52

Baroda

31.03.2012

5.74

0.00

0.00

0.00

53

Fazilka

31.03.2011

5.75

0.00

8.09

21.76


Licensed Banks with CRAR ranging from 4% to 7%-
CCB- wise likely additional capital required to achieve 4%, 7% and 9% by 2012-13,
2014-15 and 2016-17 respectively

(` crore)

Sr. No.

Name of the CCB

Reference date of Inspection

CRAR (%) (Base Position)

Likely additional capital required for achieving

4% CRAR by 2012-13

7% CRAR by 2014-15

9% CRAR by 2016-17

54

Vellore

31.03.2011

5.78

0.00

13.37

38.50

55

Dindigul

31.03.2011

5.81

0.00

12.15

33.11

56

Kozhikode

31.03.2012

5.85

0.00

28.35

83.85

57

Kannur

31.03.2010

5.93

0.00

22.68

66.52

58

Thoothukudi

31.03.2011

6.00

0.00

0.00

5.28

59

Bhilwara

31.03.2010

6.04

0.00

4.61

11.86

60

Nanded

31.03.2011

6.10

0.00

6.61

23.62

61

Jabalpur

31.03.2011

6.15

0.00

0.00

0.02

62

Dewas

31.03.2010

6.18

0.00

0.00

0.00

63

Moga

31.03.2010

6.27

0.00

6.99

20.29

64

Mirzapur DCCB

31.03.2011

6.28

0.00

1.89

6.34

65

Cuddalore

31.03.2010

6.30

0.00

9.24

33.32

66

Bhiwani

31.03.2010

6.38

0.00

8.86

27.70

67

Ratnagiri

31.03.2011

6.48

0.00

2.70

21.23

68

Kheda

31.03.2011

6.58

0.00

0.00

0.00

69

Shahdol

31.03.2011

6.60

0.00

0.00

0.00

70

Dakshin Dinajpur

31.03.2011

6.61

0.00

0.00

0.05

71

Koraput

31.03.2011

6.65

0.00

8.55

27.23

72

Bhopal

31.03.2010

6.70

0.00

4.47

20.94

73

Tiruchirapalli

31.03.2010

6.70

0.00

2.78

36.16

74

Yamunanagar

31.03.2010

6.71

0.00

0.00

0.00

75

Hazaribagh

31.03.2011

6.82

0.00

0.00

0.00

76

Warangal

31.03.2010

6.88

0.00

0.00

2.85

77

Sundergarh

31.03.2011

6.88

0.00

4.29

16.85

 

 

 

 

0.23

805.13

1922.92


Annexure - 6.5

Licensed Banks with CRAR above 7%
CCB- wise likely additional capital required to achieve 4%, 7% and 9% by 2012-13,
2014-15 and 2016-17 respectively

(` crore)

Sr. No.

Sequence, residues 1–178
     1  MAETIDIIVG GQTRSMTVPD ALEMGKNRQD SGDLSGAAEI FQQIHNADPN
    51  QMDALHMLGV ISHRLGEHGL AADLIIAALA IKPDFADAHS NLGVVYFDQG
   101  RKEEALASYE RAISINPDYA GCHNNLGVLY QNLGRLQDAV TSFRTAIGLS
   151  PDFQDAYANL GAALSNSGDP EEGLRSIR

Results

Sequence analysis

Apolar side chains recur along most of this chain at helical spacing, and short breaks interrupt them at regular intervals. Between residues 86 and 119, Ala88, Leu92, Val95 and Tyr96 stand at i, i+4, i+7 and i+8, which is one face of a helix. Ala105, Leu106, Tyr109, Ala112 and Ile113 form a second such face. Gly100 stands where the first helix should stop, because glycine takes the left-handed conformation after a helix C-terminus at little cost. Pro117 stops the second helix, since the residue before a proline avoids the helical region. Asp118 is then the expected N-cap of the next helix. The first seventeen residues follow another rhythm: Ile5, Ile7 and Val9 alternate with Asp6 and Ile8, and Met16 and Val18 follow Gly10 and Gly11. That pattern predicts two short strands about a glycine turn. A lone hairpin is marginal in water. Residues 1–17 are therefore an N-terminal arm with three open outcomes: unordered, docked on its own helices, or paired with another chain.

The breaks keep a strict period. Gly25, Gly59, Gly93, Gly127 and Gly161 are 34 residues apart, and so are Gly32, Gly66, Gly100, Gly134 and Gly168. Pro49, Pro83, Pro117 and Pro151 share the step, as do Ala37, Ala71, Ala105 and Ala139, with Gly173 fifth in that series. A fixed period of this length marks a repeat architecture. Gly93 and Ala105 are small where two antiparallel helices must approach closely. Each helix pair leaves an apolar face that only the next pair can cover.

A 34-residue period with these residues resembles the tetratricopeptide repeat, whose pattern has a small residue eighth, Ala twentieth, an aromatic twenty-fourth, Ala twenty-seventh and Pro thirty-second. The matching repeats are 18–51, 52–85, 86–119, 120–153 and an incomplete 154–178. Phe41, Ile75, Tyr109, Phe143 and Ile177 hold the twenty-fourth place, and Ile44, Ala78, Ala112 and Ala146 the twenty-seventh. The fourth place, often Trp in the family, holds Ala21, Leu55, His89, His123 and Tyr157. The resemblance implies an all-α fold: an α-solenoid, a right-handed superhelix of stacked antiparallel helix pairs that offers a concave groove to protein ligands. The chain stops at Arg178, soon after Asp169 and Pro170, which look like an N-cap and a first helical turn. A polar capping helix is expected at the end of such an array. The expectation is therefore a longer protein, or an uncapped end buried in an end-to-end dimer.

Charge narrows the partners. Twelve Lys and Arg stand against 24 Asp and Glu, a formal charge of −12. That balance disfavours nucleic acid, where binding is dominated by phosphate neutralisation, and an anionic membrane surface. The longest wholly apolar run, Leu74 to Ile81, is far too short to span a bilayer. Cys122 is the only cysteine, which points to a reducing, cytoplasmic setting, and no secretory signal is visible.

Name of the CCB

Reference date of Inspection

CRAR (%) (Base Position)

Likely additional capital required for achieving

4% CRAR by 2012-13

7% CRAR by 2014-15

9% CRAR by 2016-17

1

Tumkur

31.03.2010

7.07

0.00

1.11

10.70

2

Mayurbhanj

31.03.2010

7.13

0.00

1.98

7.42

3

Shivpuri

31.03.2011

7.14

0.00

0.00

3.19

4

Pudukottai

31.03.2010

7.18

0.00

1.86

12.10

5

Karnataka (Dharwad)

31.03.2011

7.18

0.00

0.00

0.00

6

Bundi

31.03.2010

7.20

0.00

0.36

4.07

7

Ramanathapuram

31.03.2011

7.20

0.00

0.00

9.29

8

Sindhudurg

31.03.2011

7.22

0.00

0.37

21.08

9

Aska

31.03.2012

7.23

0.00

0.00

2.74

10

Kanchipuram

31.03.2011

7.27

0.00

0.87

34.72

11

South Canara

31.03.2011

7.28

0.00

0.00

28.11

12

Chandrapur

31.03.2010

7.29

0.00

2.48

29.06

13

Sabarkantha

31.03.2010

7.44

0.00

2.29

18.79

14

Mumbai

31.03.2010

7.44

0.00

16.57

81.55

15

Agra

31.03.2011

7.54

0.00

0.00

3.13

16

Hoshiarpur

31.03.2011

7.61

0.00

1.70

27.17

17

Madurai

31.03.2011

7.61

0.00

0.00

19.97

18

Balasore Bhadrak

31.03.2010

7.64

0.00

2.76

27.98

19

Jhunjhunu

31.03.2010

7.67

0.00

0.57

5.86

20

Anantapur

31.03.2010

7.68

0.00

0.00

15.07

21

Tiruvannamalai

31.03.2010

7.69

0.00

0.00

14.23

22

Banda

31.03.2011

7.74

0.00

0.05

3.68

23

Karnal

31.03.2011

7.81

0.00

0.91

24.06

24

Hooghly

31.03.2011

7.88

0.00

0.41

16.05

25

Salem

31.03.2011

7.90

0.00

0.00

25.02

26

Morena

31.03.2011

7.91

0.00

0.00

6.01


Licensed Banks with CRAR above 7%
CCB- wise likely additional capital required to achieve 4%, 7% and 9% by 2012-13,
2014-15 and 2016-17 respectively

(` crore)

Sr. No.

Name of the CCB

Reference date of Inspection

CRAR (%) (Base Position)

Likely additional capital required for achieving

4% CRAR by 2012-13

7% CRAR by 2014-15

9% CRAR by 2016-17

27

Nalanda

31.03.2010

7.92

0.00

0.00

1.30

28

Khurda

31.03.2011

7.97

0.00

0.18

9.00

29

Chitradurga

31.03.2011

8.00

0.00

0.00

4.06

30

Nilgiris

31.03.2011

8.05

0.00

0.00

0.00

31

Damoh

31.03.2011

8.06

0.00

0.00

0.00

32

Gurgaon

31.03.2011

8.07

0.00

0.62

17.44

33

Banki

31.03.2012

8.25

0.00

0.00

3.81

34

Bangalore

31.03.2011

8.32

0.00

0.00

0.00

35